Murderers' Row: The Value Investing Club

The 1927 Yankees won 110 games, lost 44, and bore the illustrious nickname "Murderers' Row." Filled with the likes of baseball great Lou Gehrig, Babe Ruth, Earle Combs, and Bob Meusel, the team collectively batted .307, slugged .488, and boasted a league-leading 3.20 ERA. The team wasn't just amazing for its paper stats, but for its ability to consistently produce, as if systematically exploiting its opponents' weaknesses.

I'm not much of a sports fan. But I do love investing, and Foolish colleague Joe Magyer and I have tickets to the modern-day, value investing equivalent of a 1927 Yankees season: this year's Value Investing Congress, whose ranks include the likes of superinvestors Leon Cooperman, David Einhorn, Bill Ackman, Jim Chanos, Joel Greenblatt, and the Congress' founder, Whitney Tilson. Like the 1927 Yanks, these investors aren't spectacular just for their aptitude, but also for the consistency of their results, knowledge of craft, and efficacy in process. Suffice to say, we're pumped, and you should be, too.

We'll be writing articles, tweeting, and posting on the discussion boards at Special Ops and Inside Value, the Fool's value-grubber stock idea services. With the big show's beginning looming, I figured it only fair to inject a bit of sportsmanship -- because no sporting event is complete without a bit of prediction. Below, you'll find my take on four themes I expect to get a fair amount of air time at the VIC.

1. Gold: The new black?
I wouldn't be the least bit surprised to see the old gold saw trotted out.

As developed-world economies precariously teeter, there's the temptation to use cheap money to stimulate consumption, inflate our way out of debt, and encourage business investment. And admittedly, it's not the worst idea (though some might justifiably argue it's little more than a can kick) in widespread deleveraging cycles and the coincident economic softness.

Many investors have turned to gold as a salve against the risk of inflation, declining confidence in developed world economies, and justifiable skepticism that political wrangling will preclude a long-term fix. They aren't betting on gold for its absolute cheapness but as a systemic put. The rationale goes that gold provides a hedge, and some store of value, when monetary authorities are doing stupid things. Where monetary supply can be manipulated, gold isn't fungible.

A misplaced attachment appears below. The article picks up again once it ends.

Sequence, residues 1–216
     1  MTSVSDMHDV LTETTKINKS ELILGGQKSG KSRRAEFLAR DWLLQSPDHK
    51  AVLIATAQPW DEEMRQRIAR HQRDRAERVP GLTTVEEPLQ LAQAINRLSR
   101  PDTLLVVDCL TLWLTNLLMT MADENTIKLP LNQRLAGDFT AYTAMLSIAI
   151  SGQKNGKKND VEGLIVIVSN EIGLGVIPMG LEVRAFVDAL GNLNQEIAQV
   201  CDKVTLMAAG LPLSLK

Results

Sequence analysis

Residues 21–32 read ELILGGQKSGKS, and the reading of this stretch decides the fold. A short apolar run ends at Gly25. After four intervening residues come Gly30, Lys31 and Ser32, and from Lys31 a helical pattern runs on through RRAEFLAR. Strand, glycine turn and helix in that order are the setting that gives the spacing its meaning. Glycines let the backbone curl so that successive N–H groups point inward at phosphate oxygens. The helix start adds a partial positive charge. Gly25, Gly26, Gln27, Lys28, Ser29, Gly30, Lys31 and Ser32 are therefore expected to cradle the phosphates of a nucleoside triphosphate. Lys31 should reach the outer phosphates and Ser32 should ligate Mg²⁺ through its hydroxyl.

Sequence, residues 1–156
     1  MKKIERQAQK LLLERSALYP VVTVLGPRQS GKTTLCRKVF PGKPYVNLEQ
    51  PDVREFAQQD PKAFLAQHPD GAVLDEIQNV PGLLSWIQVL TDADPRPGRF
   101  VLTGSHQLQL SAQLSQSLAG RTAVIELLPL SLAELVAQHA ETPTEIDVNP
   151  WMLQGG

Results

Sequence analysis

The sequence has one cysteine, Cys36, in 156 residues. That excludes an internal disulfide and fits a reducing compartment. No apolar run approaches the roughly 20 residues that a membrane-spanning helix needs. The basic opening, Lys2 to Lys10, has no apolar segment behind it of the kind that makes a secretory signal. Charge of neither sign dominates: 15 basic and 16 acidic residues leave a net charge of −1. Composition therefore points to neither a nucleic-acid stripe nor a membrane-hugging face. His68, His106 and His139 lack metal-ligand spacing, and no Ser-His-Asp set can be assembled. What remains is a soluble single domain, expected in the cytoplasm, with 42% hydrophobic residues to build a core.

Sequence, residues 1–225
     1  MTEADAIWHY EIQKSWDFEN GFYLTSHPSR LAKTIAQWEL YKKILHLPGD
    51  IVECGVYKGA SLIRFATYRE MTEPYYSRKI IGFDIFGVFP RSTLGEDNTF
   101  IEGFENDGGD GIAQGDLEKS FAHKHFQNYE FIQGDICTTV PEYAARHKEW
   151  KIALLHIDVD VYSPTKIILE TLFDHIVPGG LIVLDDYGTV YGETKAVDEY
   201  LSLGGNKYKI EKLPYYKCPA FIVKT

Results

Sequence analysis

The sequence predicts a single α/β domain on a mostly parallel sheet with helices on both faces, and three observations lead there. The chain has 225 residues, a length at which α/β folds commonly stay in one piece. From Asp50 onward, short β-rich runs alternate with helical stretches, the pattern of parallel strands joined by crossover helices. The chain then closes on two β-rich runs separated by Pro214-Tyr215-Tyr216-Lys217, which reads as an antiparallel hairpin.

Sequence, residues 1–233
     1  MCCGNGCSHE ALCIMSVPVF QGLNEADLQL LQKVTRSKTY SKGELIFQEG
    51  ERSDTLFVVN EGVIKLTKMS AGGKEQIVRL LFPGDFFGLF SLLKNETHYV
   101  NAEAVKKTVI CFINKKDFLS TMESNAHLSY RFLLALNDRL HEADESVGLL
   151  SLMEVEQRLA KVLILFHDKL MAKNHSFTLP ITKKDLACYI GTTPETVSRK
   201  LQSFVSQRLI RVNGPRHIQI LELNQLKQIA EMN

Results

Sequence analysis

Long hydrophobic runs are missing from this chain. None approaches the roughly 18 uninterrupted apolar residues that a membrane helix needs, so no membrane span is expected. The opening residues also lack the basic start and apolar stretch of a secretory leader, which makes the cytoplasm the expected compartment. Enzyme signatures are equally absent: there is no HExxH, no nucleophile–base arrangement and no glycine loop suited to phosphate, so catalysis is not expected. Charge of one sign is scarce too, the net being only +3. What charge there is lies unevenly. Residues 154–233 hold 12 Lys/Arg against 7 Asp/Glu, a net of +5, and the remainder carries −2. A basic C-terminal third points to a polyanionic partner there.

Those arguments are well-taken, but my take is this: The systemic put argument isn't anything new, and gold is like any currency. There's no such thing as intrinsic value for gold, because like currencies, its value is only what the next person's willing to pay. So it pays to ask: Do gold prices already reflect the wide range of economic clouds? Maybe. But more importantly, we have no zero metrics for concretely assessing it.

A safer alternative? The Hong Kong Dollar, a trade that Michael Kao of Akanthos Capital highlighted at the May Value Investing Congress and that Bill Ackman has recently taken a shine to.

2. Large and lagging
One might easily posit that despite recent volatility, the overall market isn't drooling cheap. I'd second that sentiment. Consider the prognosis: possible Eurozone fiscal crisis, still-rampant developed world unemployment, spiraling deficits, and a still-leveraged consumer.

But as value-grubbing sorts, a market that's not unequivocally cheap, dour prospects for the world economy, and cheap stocks are not mutual exclusivities. We relish the chance to pick up a defensively oriented, moaty business cheap, if circumstances afford the chance. Blue-chippy large-caps fit the mold. By and large, many failed to participate in the market's torrid run-up, but participated on the downside.

Two that have garnered a value-following recently, and about which Joe and I have written favorably on the pages of Inside Value, are Aon (NYS: AON) and Google (NAS: GOOG) .